“Wow! I love this book and this series itself. Starts with Ahaseurus and Aristotle Stoker. These two are people who are really interesting. Human kind, almost one of the last, yet powerful. They may be extremely bad people, not that i'd approve of what these two asses did. More or rather, can we...”see full review » see other reviews »
“3.1-This edition to the series just made me left me so confused. Major characters just did not show enough and when they did there was no explanations. The new character that was there too much in my opinion,was there for ?? I didn't get her part nor like her at all.
Jace the answer to this worlds woes finds herself jumping to another alternate universe, while it's invading on another ?* it's confusing, i don't think i ever really got it. So, there is this nasty man, the same one Jace needs to get home, he is trying to build his version of reality. In his reality, a lot of being die, which makes these beings unhappy. Then a new ruling class takes over.
Cassius, the big head honcho vampire, sends her to hunt this evil doer. Then he basically disappears from the story. He reappears at different weird points only to disappear again
Charlie, Charlie, Charlie, this books really jumps him. Charlie joins the wrong team, or is it the right team ? It's hard to tell, Golems are not treated well at all in this world, at all. He says he's trying to save the humans to make it better. His loyalty is questionable to Jace. Their bonds are tested, and I was disappointed with the results. I really wanted more for this character, the author tip toes slowly to Charlie being more then what he is thought to be, only to stop and go no further. Yes, I am frustrated. This is book 3, maybe I have false hope ?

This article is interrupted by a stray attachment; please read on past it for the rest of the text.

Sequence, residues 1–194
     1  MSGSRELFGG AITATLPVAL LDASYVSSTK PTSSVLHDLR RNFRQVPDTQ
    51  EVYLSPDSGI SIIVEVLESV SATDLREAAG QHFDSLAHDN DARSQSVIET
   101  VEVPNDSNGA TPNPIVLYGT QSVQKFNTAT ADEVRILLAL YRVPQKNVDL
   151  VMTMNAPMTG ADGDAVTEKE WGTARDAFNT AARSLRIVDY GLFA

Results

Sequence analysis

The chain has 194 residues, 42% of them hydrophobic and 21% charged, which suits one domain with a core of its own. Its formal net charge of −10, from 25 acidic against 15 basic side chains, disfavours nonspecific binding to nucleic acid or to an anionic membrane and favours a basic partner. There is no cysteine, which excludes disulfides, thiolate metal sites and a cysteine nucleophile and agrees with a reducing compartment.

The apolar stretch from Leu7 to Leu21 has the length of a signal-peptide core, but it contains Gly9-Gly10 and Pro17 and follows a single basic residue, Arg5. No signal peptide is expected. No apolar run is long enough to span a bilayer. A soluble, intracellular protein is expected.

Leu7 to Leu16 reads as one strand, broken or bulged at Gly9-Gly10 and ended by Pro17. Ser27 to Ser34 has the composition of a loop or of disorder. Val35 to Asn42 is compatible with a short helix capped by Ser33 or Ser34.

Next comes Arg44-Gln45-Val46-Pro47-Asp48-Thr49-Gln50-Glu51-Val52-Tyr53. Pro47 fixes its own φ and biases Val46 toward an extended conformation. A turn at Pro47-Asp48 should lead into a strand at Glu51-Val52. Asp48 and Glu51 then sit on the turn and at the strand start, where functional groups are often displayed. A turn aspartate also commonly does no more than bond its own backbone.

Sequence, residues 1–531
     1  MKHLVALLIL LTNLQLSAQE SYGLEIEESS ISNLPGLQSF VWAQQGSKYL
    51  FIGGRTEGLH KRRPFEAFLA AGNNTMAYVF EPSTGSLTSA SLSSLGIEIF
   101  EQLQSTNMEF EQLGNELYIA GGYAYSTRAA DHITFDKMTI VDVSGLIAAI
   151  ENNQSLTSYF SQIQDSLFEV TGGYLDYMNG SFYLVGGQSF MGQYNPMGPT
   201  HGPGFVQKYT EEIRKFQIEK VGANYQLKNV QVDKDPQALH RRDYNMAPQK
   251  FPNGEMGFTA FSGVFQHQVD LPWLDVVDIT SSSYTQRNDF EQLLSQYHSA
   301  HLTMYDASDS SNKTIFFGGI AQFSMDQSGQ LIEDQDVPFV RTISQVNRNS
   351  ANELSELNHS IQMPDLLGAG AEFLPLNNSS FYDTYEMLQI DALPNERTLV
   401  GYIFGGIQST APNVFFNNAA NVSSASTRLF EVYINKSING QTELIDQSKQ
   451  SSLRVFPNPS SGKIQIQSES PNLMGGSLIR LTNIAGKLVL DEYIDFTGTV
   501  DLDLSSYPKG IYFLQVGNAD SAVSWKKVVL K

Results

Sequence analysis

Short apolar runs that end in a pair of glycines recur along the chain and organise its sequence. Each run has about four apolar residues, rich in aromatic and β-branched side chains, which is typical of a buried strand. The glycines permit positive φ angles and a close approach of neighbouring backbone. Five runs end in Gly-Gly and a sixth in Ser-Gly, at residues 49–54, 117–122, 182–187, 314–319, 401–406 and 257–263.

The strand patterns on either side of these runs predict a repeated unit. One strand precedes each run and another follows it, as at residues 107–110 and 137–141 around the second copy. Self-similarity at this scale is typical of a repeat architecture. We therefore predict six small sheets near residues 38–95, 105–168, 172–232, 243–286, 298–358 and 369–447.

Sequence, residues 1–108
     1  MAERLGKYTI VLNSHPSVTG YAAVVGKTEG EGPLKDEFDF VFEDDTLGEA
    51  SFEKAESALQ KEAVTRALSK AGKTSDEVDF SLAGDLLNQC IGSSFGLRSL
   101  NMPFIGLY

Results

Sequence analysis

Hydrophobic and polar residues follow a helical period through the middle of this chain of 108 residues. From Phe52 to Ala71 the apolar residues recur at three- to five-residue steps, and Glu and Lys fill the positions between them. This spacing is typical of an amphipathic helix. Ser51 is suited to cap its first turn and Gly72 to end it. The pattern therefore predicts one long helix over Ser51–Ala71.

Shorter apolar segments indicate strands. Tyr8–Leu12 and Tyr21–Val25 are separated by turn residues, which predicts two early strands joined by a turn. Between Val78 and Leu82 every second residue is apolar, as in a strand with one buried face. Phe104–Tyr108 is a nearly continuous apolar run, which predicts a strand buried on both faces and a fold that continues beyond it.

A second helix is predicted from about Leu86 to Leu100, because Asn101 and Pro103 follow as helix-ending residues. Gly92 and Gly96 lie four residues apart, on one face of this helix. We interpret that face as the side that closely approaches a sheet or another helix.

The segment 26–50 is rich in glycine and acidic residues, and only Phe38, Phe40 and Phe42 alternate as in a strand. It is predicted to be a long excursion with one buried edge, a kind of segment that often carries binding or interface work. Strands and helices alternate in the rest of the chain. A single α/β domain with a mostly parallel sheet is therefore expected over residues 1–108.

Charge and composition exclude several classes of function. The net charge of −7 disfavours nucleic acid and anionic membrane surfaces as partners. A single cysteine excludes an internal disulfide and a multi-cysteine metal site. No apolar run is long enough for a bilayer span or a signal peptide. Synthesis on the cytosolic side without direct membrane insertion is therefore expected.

I don't know if I am going to continue, this book was so off for me. It's too bad because book 1-2 felt like they were leading to something.”
“Wow! I love this book and this series itself. Starts with Ahaseurus and Aristotle Stoker. These two are people who are really interesting. Human kind, almost one of the last, yet powerful. They may be extremely bad people, not that i'd approve of what these two asses did. More or rather, can we consider in a different aspect that they were doing this to survive in a world where they can break their necks without even realising who did it? Still, what they did was clearly for their own selfish purposes.